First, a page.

Making the most of my self-assessments

I’ve been doing self-assessments on a fairly regular basis, for nearly a year, now. I think the first that I started really digging in around this past February (2008), making notes about what’s been going on with me. It’s been pretty enlightening, especially considering that I had no clue to what extent my issues affected me… until I started keeping objective track.

I haven’t done the best job of staying current with my notes, but I think I’ve collected information that I can use, at present and on down the line.  I’ve resolved to do a better job, moving forward. Even if I just take a few notes at a time, that’s helpful. As long as I have it in a format that I can put with other notes. One of the issues is that I sometimes make handwritten notes, and other times I type them on a computer, into a spreadsheet or a document.

I have been trying to figure out a good way to make use of the notes I do have, so all this experience doesn’t just go to waste. I think I’m getting to a place where I can start collecting my materials and comparing my notes over time, so I can see if I’ve made any progress.

I think I have. I can tell the difference just in the past six months. People I used to annoy to no end have told me I am more communicative with them, and I make more of an effort to deal productively with them, than I did before — when I thought I was fine, but all indicators pointed to me having cognitive/behavioral issues I needed to deal with.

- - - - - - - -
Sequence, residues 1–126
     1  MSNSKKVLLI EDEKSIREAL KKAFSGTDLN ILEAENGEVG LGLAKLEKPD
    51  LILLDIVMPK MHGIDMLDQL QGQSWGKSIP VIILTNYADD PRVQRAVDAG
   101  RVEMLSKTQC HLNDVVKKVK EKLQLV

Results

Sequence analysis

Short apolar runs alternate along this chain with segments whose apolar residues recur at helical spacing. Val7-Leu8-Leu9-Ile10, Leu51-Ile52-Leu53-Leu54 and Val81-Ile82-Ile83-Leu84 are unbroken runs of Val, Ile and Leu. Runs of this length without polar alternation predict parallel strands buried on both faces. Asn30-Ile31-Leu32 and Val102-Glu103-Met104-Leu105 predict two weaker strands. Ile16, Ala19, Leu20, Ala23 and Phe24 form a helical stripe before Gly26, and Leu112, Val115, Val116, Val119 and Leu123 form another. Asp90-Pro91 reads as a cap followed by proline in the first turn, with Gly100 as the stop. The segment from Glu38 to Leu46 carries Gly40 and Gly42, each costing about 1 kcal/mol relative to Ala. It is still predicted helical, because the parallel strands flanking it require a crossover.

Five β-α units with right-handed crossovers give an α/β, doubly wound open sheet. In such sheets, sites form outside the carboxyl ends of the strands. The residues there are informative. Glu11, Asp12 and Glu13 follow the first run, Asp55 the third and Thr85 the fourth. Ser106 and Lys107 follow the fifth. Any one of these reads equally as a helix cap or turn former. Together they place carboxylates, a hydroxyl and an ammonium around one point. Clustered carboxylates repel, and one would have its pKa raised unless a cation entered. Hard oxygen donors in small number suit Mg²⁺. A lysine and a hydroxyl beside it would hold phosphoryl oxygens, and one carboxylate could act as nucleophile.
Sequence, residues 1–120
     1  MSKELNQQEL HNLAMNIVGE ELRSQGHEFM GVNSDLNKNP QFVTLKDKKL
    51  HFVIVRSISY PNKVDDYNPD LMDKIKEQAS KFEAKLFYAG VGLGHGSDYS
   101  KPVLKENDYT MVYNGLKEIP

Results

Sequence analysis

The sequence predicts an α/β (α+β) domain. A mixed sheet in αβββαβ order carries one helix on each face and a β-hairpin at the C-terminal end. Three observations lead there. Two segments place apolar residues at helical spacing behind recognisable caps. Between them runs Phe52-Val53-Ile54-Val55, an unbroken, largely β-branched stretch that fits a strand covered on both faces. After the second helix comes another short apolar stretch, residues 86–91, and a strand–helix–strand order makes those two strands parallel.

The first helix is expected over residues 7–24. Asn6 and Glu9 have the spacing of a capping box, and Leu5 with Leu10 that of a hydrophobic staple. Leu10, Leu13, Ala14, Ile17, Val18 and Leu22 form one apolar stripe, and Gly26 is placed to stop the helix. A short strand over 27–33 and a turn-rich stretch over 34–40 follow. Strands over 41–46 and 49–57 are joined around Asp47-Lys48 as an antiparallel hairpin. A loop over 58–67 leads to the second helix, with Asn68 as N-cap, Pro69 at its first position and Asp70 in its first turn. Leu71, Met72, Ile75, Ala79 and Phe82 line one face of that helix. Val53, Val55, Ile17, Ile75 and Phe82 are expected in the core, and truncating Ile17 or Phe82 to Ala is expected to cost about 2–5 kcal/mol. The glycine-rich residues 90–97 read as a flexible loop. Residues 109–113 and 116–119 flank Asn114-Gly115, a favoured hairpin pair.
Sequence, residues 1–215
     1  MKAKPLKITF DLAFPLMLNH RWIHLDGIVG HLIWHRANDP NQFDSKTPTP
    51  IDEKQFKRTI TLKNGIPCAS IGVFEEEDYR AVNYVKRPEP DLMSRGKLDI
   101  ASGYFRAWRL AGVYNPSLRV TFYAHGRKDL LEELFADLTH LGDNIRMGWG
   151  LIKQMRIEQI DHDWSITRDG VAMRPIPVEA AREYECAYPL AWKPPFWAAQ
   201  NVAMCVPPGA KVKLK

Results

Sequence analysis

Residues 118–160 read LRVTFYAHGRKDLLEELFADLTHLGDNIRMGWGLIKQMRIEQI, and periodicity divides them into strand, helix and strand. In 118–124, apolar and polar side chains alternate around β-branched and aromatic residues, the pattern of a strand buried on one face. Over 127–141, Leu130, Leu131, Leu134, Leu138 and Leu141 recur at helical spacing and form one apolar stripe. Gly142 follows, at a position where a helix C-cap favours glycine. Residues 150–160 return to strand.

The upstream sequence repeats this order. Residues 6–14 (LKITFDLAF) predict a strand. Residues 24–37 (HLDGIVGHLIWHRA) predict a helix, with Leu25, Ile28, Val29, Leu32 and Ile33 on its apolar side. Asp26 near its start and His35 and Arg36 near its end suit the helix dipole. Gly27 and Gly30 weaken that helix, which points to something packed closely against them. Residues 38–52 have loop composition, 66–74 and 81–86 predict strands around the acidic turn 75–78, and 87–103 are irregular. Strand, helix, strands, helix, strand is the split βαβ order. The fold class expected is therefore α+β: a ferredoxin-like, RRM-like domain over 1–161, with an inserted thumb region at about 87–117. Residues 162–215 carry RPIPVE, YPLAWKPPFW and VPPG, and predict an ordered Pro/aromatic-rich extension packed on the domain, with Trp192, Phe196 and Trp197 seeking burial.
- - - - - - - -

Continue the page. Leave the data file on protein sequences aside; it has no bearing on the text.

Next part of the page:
Collecting all my notes and looking at them, I get a little overwhelmed and agitated — angry, too — that I’ve got so much information in so many different places, and that I have to work so hard to organize it all and make sense of it. It upsets me that I’m so alone in all this — that I haven’t been able to communicate well enough with doctors and caregivers to convey the depth of my issues… that I haven’t even known how much help I really need, till lately… that even when I am able to communicate with people, their dashed hopes (about who and what I am and what my personality and life are really like) just get in the way and keep them from being really objective with me… that even if I did manage to communicate effectively with doctors and caregivers, due to recent cutbacks in funding, the chances of me getting help are even less than they were a year ago. After all, I’ve only had “mild” traumatic brain injuries, and I’m still employed, still have my house, still have my primary relationship more intact than many others (even those who haven’t sustained tbi’s)… so I need to step back and let the people with the *real* problems get access to the services they need.